Character Recognition Technology using the Mechanism of Human Visual Information Processing
Recognizing characters written on whiteboards or in notebooks with a machine is still a difficult challenge that has yet to be overcome. Additionally, given the separate development of character recognition technology for individual languages, character recognition is also difficult in a document containing multiple languages such as Japanese, English, and Chinese, even if the text is neatly written.
To address these challenges, Fuji Xerox has been developing character recognition technology that can recognize handwritten characters, even those of multiple languages used in a single document. The text recognition technology that we have developed adopts the mechanism of human visual information processing that has become much better understood thanks to the field of neuroscience.
Fig. 1a: Direction Selectivity of the V1 Cell
The V1 cell responds to an angle called the "optimal angle." If a different angled line is input, there is no response.
Fig. 1b: Position Invariance of the V1 Cell
The V1 cell responds when the line has the optimal angle, regardless of the line's location in the receptive field. It does not respond to patterns that cover large areas of the receptive field.
Fig. 1c: Cross-orientation Suppression of the V1 Cell
When a line having an angle significantly different from the optimal angle is input over the line with the optimal angle, the response to the line with the optimal angle is suppressed.
Visual information is first transmitted from the retina to an area called the primary visual cortex (V1), which has the following three properties: (1) direction selectivity, which enables a selective response by V1 to a certain angle of lines (Fig. 1a), (2) phase invariance, which enables a response by V1 even if a line in the optimal angle is positioned differently in the receptive field (Fig. 1b), and (3) cross-orientation suppression, which suppresses the responsiveness of V1 in case a line in the optimal angle overlaps a line at an angle very different from the optimal angle. After V1, visual information is relayed to V2 which can recognize figures consisting of two lines such as crosses and corners, then to V4 which can recognize more complex figures, and finally to the inferior temporal (IT) cortex (Fig. 2). It is believed that the human brain processes visual information in such a hierarchical way in order to recognize various shapes and figures, ranging from simple lines to such complex objects as characters or faces.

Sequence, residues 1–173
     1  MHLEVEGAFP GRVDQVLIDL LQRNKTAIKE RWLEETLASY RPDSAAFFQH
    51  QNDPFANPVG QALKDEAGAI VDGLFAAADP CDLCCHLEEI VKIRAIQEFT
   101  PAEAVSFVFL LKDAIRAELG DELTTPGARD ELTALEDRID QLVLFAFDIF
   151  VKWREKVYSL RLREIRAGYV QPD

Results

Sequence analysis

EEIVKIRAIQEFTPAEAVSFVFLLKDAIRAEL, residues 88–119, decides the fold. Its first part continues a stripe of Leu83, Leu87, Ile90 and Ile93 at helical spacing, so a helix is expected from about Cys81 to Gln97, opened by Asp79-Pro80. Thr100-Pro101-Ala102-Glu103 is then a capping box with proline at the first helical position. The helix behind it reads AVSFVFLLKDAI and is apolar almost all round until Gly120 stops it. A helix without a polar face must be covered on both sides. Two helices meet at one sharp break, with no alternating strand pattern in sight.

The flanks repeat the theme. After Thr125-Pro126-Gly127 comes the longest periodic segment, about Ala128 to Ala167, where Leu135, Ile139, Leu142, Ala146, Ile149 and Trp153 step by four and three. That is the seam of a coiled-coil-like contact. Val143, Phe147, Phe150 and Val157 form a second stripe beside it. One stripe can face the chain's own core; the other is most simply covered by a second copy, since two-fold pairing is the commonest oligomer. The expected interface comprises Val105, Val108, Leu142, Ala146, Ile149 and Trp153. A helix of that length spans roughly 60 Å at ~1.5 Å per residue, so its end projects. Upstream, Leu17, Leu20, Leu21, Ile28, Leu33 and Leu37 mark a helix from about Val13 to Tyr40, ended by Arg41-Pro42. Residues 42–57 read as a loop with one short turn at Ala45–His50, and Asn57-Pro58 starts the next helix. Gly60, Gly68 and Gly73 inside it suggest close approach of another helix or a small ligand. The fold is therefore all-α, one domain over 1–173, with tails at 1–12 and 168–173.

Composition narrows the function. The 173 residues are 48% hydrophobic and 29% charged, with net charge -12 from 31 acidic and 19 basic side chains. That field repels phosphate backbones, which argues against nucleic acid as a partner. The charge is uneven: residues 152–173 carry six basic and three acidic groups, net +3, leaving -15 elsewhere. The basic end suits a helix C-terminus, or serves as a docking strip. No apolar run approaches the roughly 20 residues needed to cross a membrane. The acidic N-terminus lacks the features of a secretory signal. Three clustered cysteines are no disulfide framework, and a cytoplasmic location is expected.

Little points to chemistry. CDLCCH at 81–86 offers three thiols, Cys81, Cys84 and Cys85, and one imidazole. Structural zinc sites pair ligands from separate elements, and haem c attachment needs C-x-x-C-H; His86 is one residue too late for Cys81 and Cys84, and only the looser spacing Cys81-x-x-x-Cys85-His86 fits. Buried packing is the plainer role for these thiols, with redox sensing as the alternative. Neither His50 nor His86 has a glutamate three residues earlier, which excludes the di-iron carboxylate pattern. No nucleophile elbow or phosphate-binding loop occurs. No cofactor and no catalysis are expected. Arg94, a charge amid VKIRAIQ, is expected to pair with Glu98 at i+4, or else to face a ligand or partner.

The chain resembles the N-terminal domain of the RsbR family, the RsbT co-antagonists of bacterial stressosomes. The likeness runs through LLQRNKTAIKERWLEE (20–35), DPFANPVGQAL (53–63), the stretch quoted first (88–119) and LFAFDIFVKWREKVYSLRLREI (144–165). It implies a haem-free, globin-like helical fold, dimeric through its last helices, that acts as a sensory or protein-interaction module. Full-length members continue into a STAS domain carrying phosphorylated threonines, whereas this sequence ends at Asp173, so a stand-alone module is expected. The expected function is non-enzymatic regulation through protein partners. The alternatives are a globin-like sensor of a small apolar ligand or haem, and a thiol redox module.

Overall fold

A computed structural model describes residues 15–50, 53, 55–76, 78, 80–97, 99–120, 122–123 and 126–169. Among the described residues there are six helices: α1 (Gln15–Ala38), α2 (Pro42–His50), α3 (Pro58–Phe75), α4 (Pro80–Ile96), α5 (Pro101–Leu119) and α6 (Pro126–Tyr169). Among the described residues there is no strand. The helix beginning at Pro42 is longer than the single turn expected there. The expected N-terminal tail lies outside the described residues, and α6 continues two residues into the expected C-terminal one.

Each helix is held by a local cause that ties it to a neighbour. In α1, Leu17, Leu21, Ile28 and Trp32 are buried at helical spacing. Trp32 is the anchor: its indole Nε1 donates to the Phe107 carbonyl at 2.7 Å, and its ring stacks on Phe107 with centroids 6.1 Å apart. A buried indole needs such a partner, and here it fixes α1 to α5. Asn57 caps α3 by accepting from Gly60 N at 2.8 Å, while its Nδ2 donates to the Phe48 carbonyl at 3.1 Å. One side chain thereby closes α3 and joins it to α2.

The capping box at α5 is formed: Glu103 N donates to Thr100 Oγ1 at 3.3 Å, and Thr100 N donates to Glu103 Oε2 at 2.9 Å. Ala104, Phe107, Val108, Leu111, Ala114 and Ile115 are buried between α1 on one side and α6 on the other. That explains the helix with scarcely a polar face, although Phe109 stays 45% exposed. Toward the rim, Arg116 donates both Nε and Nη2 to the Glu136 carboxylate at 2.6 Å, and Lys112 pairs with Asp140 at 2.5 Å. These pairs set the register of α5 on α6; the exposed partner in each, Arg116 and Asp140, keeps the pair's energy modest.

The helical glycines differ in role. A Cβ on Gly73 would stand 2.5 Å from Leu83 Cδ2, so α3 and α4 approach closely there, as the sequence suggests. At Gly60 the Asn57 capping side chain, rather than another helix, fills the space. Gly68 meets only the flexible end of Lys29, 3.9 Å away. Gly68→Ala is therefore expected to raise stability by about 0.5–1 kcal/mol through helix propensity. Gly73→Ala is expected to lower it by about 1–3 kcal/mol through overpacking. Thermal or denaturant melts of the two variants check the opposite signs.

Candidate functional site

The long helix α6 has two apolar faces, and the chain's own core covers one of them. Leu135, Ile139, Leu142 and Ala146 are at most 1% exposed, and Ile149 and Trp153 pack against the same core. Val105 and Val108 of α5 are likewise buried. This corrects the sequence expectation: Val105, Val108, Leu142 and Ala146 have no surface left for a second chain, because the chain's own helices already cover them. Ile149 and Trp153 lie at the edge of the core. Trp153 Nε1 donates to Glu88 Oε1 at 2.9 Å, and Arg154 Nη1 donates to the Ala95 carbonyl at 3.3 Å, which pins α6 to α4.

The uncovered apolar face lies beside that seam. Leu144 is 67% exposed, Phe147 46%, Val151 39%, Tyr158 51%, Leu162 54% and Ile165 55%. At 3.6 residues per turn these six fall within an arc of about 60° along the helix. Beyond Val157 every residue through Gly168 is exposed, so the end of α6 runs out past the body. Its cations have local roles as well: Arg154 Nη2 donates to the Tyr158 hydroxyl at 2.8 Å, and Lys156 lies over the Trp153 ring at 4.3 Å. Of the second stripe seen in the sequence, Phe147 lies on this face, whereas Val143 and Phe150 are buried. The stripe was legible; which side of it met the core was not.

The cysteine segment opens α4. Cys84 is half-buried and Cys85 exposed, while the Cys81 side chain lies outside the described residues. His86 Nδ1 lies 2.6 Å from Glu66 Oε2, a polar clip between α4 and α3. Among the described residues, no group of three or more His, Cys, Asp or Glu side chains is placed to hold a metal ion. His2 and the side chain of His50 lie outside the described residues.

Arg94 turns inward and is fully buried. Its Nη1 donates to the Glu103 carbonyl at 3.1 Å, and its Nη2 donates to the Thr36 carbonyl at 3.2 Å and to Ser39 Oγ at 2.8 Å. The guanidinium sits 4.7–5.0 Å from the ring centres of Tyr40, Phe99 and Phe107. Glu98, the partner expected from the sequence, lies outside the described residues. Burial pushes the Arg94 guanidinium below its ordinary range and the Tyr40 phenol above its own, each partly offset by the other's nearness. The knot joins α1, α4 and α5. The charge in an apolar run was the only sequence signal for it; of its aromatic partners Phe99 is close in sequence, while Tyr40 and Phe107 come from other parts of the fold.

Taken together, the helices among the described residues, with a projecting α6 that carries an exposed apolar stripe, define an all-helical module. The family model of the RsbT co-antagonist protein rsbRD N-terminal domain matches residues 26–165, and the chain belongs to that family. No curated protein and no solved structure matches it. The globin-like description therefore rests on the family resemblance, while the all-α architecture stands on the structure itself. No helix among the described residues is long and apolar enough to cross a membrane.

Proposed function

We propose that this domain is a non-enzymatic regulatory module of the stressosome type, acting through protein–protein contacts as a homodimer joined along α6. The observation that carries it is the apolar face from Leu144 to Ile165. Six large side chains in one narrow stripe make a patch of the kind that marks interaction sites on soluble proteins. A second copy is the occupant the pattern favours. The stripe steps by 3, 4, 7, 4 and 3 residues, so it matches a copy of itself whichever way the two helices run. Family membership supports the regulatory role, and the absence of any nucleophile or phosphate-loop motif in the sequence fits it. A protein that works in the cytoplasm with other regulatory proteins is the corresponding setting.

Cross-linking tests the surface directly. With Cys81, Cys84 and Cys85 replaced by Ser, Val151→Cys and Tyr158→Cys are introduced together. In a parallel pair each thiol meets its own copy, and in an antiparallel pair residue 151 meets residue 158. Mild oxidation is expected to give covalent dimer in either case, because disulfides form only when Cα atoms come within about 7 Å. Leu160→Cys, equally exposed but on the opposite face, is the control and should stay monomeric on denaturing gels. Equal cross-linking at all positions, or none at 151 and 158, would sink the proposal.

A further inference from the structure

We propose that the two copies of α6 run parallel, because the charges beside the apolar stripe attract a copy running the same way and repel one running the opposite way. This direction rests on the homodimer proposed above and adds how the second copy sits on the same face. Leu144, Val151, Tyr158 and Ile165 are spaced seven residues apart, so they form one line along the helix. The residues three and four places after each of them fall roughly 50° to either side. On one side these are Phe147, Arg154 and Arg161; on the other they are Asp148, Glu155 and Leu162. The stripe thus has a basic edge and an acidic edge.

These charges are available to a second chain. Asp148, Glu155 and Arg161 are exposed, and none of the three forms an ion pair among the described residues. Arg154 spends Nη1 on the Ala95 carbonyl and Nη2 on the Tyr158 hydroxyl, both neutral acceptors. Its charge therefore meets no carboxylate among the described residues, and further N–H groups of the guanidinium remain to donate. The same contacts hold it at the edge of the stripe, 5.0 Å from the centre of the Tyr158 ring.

Figure 3 shows the overall structure of the character recognition method that uses the mechanism to process visual information. The features of an input image are first extracted by layers of convolution units and sub-sampling units, enabling a mechanism similar to how V1 and V2 process visual information in the brain. Then at the "character classifier," each character is finally determined by imitating the processing performed at the IT cortex. The image that includes characters is first input into the convolution unit, so as to extract its features. The filter used for convolution can evolve through learning by handling various types of characters. For example, the filter used to extract lines in Convolution unit 1 (which corresponds to V1 in the brain) learns and evolves so that it can process various types of lines.
In the sub-sampling unit, the "energy model" enables position invariance so that it does not strictly differentiate small positional differences, and the "cross-orientation suppression model" (which includes excitatory input and inhibitory input) enables optimal cross-orientation suppression, as shown in Fig. 4. By transmitting information through multiple sets of a convolution unit and sub-sampling unit, the information is processed in a similar manner to processing performed in V1 and V2, allowing the extraction of both simple and complex figures. Finally, the character classifier identifies characters based on the extracted features. The classifier is also capable of learning, and consequently, the character recognition rate can be improved. In this way, the character recognition system can improve its ability to recognize characters by learning, just like the brain. As a result, handwritten characters and those of different languages can now be recognized.
Figure 5 compares the character recognition system that uses the mechanism of visual information processing with a conventional character recognition system. Figure 5a shows the freely written characters that were evaluated; Fig. 5b shows the evaluation results. Both systems show a high level of recognition for neatly written characters (grade 4 or 5), but when it comes to characters of grades 2 and 3, our system has a higher recognition rate than that of the conventional system.
Fig. 5: Results of Comparing the Developed Character Recognition System and a Conventional Character Recognition System